As I’ve mentioned in a previous post, I use MDADM RAID arrays on Ubuntu for storing all of my media, plus a separate array elsewhere for backups. I also use Cacti to keep an eye on my different machines, combined with the Threshold plugin to allow monitoring of anything going wrong within the network. While MDADM does allow you to use the monitoring feature to email when a disk gets dropped, I was looking for something that would hook into my current infrastructure, and was surprised to find that no templates existed to allow graphing MDADM details in Cacti – so I set about making some! This post explains how to set this up on your own machine.
Rather than using a local script, I have used SNMP to allow for this being added on multiple machines and monitored remotely. So, our first step is to get the information into our SNMP configuration. This is accomplished using two scripts (as MDADM requires root to run; we’ll see how this is achieved shortly) – in order to get them, you need to run (as root):
$ cd /etc/snmp/ $ svn co http://projects.mattdyson.org/projects/cacti/mdadm/scripts/ mdadm $ cd mdadm $ chmod -R 0777 *
This will download 2 files –
mdadm-read. The first one is the “business end” of the operation, this will take various arguments (as you’ll see in the snmpd.conf shortly) and output an indexed list representing the value for each array in our system. The mdadm-read script simply calls
mdadm --detail /dev/$1, so we can add this to
/etc/sudoers to allow us to access this information without requiring a root password each time – add the following line into
/etc/sudoers in order to make this happen. You may need to change the user (“snmp” in this example) to whatever snmpd runs under on your system
snmp ALL=(ALL) NOPASSWD: /etc/snmp/mdadm/mdadm-read
At this point, you should be able to run
/etc/snmp/mdadm/mdadm-monitor Name as your SNMP user and see a list of all MDADM arrays on your system!
In order to access these through SNMP, we need to edit
/etc/snmp/snmpd.conf and add the following lines:
extend .220.127.116.11.4.1.2021.80 Num /etc/snmp/mdadm/mdadm-monitor Num extend .18.104.22.168.4.1.2021.81 Index /etc/snmp/mdadm/mdadm-monitor Index extend .22.214.171.124.4.1.2021.82 Name /etc/snmp/mdadm/mdadm-monitor Name extend .126.96.36.199.4.1.2021.83 Active /etc/snmp/mdadm/mdadm-monitor Active extend .188.8.131.52.4.1.2021.84 Working /etc/snmp/mdadm/mdadm-monitor Working extend .184.108.40.206.4.1.2021.85 Failed /etc/snmp/mdadm/mdadm-monitor Failed extend .220.127.116.11.4.1.2021.86 Spare /etc/snmp/mdadm/mdadm-monitor Spare extend .18.104.22.168.4.1.2021.87 Degraded /etc/snmp/mdadm/mdadm-monitor Degraded
Once this is done, you’ll need to restart SNMP with
/etc/init.d/snmpd restart, and then you should be able to run
snmpwalk -v1 -cpublic localhost .22.214.171.124.4.1.2021.82 (if you have snmpwalk installed) and see some output similar to this:
iso.126.96.36.199.1.2021.82.1.0 = INTEGER: 1 iso.188.8.131.52.1.2021.82.2.1.184.108.40.206.109.101 = STRING: "/etc/snmp/mdadm/mdadm-monitor" iso.220.127.116.11.1.2021.82.2.1.18.104.22.168.109.101 = STRING: "Name" iso.22.214.171.124.1.2021.82.2.1.126.96.36.199.109.101 = "" iso.188.8.131.52.1.2021.82.2.1.184.108.40.206.109.101 = INTEGER: 5 iso.220.127.116.11.1.2021.82.2.1.18.104.22.168.109.101 = INTEGER: 1 iso.22.214.171.124.1.2021.82.2.1.126.96.36.199.109.101 = INTEGER: 1 iso.188.8.131.52.1.2021.82.2.1.184.108.40.206.109.101 = INTEGER: 4 iso.220.127.116.11.1.2021.82.2.1.18.104.22.168.109.101 = INTEGER: 1 iso.22.214.171.124.1.2021.82.3.1.126.96.36.199.109.101 = STRING: "md0" iso.188.8.131.52.1.2021.82.3.1.184.108.40.206.109.101 = STRING: "md0" iso.220.127.116.11.1.2021.82.3.1.18.104.22.168.109.101 = INTEGER: 1 iso.22.214.171.124.1.2021.82.3.1.126.96.36.199.109.101 = INTEGER: 0 iso.188.8.131.52.1.2021.82.4.1.184.108.40.206.109.101.1 = STRING: "md0"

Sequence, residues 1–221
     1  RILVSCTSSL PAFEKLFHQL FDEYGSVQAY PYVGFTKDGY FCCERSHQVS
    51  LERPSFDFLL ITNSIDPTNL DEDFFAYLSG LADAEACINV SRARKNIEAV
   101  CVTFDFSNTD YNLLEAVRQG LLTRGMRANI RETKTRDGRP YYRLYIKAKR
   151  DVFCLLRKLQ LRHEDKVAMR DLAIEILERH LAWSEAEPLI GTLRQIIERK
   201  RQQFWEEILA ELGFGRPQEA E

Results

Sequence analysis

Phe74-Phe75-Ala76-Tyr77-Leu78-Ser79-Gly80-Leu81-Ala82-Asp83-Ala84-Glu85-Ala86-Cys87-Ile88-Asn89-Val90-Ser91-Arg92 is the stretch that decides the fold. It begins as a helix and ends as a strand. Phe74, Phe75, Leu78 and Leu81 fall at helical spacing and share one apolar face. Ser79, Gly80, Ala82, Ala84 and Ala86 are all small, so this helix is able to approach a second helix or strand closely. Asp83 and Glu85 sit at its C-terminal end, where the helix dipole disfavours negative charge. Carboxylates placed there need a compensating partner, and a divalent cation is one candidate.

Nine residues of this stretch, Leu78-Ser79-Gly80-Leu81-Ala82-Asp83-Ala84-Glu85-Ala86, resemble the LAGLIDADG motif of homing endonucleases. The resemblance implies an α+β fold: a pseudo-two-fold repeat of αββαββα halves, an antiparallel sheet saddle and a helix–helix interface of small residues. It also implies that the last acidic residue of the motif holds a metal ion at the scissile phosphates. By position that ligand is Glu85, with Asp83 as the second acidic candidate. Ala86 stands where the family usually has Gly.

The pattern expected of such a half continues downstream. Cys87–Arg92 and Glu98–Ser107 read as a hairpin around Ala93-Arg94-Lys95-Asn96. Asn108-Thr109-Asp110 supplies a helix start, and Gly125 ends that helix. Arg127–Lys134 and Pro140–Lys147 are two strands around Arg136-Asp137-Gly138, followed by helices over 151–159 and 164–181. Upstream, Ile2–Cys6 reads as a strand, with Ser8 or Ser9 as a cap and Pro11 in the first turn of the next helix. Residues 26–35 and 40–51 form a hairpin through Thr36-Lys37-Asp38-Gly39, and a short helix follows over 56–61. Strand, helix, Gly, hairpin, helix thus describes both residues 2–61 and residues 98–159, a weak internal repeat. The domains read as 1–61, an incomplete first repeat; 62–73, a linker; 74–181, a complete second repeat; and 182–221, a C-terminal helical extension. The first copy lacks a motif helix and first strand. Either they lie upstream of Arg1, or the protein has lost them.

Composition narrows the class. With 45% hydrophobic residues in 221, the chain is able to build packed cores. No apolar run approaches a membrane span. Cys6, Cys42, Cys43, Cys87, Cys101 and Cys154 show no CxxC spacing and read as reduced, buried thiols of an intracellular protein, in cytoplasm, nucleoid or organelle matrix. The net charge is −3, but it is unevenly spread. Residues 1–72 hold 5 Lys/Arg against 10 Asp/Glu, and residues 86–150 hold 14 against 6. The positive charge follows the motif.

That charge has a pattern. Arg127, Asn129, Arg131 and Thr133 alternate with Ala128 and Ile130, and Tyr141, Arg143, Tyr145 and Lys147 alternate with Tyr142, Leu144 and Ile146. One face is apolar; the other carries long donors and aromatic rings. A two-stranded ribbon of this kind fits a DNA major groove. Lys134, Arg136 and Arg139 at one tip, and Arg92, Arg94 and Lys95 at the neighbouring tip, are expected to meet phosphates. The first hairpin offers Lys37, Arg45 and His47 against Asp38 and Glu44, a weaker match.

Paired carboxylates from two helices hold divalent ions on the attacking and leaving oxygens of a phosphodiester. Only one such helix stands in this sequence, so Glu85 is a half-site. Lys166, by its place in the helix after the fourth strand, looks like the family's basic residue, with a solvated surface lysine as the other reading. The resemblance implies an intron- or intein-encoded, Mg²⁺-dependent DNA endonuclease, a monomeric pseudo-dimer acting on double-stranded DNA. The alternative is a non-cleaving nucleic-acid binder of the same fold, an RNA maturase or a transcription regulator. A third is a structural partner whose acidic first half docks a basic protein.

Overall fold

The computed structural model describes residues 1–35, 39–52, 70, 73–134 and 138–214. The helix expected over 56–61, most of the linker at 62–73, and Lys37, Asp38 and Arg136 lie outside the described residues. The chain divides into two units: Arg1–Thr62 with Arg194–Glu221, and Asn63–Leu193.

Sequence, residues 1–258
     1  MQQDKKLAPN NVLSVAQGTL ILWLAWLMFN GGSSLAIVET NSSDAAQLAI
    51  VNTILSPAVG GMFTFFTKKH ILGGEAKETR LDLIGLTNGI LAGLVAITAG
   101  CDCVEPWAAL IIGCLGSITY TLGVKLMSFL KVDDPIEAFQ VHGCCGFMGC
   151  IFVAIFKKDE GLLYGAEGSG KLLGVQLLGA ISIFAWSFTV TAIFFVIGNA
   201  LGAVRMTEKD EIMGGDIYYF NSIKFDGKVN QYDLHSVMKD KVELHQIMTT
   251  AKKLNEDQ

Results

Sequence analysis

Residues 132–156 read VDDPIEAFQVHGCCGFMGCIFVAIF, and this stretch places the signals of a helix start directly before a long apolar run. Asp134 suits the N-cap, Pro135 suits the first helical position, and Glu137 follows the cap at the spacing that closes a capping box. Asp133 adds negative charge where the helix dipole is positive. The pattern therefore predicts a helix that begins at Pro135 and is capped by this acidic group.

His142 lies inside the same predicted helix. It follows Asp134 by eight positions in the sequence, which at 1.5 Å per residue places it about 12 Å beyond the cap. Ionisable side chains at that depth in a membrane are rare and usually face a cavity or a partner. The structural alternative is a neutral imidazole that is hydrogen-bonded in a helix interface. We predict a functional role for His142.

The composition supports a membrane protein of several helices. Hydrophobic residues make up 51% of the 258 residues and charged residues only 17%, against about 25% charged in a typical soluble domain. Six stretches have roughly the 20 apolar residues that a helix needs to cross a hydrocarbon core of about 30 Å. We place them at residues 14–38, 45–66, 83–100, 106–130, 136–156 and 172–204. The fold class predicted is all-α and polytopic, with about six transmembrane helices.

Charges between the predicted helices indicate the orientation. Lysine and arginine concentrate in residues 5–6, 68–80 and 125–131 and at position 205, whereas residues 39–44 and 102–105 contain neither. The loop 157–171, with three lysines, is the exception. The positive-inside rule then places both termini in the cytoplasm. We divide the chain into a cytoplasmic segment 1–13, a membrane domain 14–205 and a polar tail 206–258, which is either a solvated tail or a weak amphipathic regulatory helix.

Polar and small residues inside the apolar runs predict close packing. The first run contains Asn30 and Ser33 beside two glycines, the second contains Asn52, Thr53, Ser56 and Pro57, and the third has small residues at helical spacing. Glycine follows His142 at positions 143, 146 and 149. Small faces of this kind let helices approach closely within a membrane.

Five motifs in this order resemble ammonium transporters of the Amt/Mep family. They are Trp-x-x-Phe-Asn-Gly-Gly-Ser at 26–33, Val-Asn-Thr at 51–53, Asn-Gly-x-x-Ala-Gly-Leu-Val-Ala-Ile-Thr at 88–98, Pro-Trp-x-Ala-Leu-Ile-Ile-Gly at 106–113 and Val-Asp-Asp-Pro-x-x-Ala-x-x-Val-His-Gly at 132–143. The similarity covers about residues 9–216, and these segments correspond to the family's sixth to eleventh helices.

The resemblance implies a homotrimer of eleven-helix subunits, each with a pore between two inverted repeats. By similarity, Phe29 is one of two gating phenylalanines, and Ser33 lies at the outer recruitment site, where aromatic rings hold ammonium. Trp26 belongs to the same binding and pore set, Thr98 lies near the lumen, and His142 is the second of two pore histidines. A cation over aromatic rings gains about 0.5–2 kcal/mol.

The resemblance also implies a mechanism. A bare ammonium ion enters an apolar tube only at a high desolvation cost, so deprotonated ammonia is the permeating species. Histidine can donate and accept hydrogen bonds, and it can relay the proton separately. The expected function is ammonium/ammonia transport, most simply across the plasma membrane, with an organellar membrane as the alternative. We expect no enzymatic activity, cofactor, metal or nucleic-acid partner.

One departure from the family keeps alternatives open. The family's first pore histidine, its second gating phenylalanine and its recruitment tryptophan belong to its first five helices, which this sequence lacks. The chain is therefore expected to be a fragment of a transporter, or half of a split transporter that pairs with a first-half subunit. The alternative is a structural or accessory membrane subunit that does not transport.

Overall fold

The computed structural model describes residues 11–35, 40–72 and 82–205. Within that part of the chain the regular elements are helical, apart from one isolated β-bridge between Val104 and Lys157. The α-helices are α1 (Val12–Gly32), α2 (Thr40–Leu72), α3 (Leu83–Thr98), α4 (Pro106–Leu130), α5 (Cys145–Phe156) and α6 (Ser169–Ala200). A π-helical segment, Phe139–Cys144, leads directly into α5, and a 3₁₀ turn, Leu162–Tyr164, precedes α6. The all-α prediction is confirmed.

Excellent! We’re now up and running with details of all MDADM arrays being output to SNMP, including numbers of active, working, failed and spare disks for each array! Next up, lets add the SNMP query XML into our Cacti resource directory (substitute the relevant Cacti path for your system). The code I’ve written works fine on net-snmp 5.4.3, but I believe lower versions may not play nicely with using the long OIDs in
net-snmp_mdadm.xml – you may need to remove everything in the OID after
$ cd /usr/share/cacti/site/resource/snmp_queries/ $ svn co http://projects.mattdyson.org/projects/cacti/mdadm/queries/ mdadm
This is referenced by the Cacti Data Template that I have put together, which can be downloaded here. Once you’ve used the “Import Templates” feature to import this file, add the SNMP – Get MDADM Arrays template to a host, and create the relevant graphs for each of your arrays. Here’s one of mine that’s a little boring, but at least we know everything is okay!
There we have it – MDADM data available in Cacti! I’ve also created a Threshold template that monitors the Failed data source for any value other than 0, and then kicks off the usual alerting to let me know to replace a disk, but Cacti won’t let me export that one easily, and it was simple enough.
I haven’t fully tested this method with multiple arrays on the same host yet, please let me know in the comments if you find any problems, and I’ll do my best to help out.
Update 08/05/13: I’ve updated the graph template to make a bit more sense when an array is rebuilding.
Update 05/11/13: The graph template should now parse properly – thanks to Evandro Nabor for spotting the error!
Update 28/12/13: Doh! My ‘fix’ for the graph template above introduced another problem! I’ve updated the file again, and hopefully things should now be working – thanks to C. Alexander for spotting this!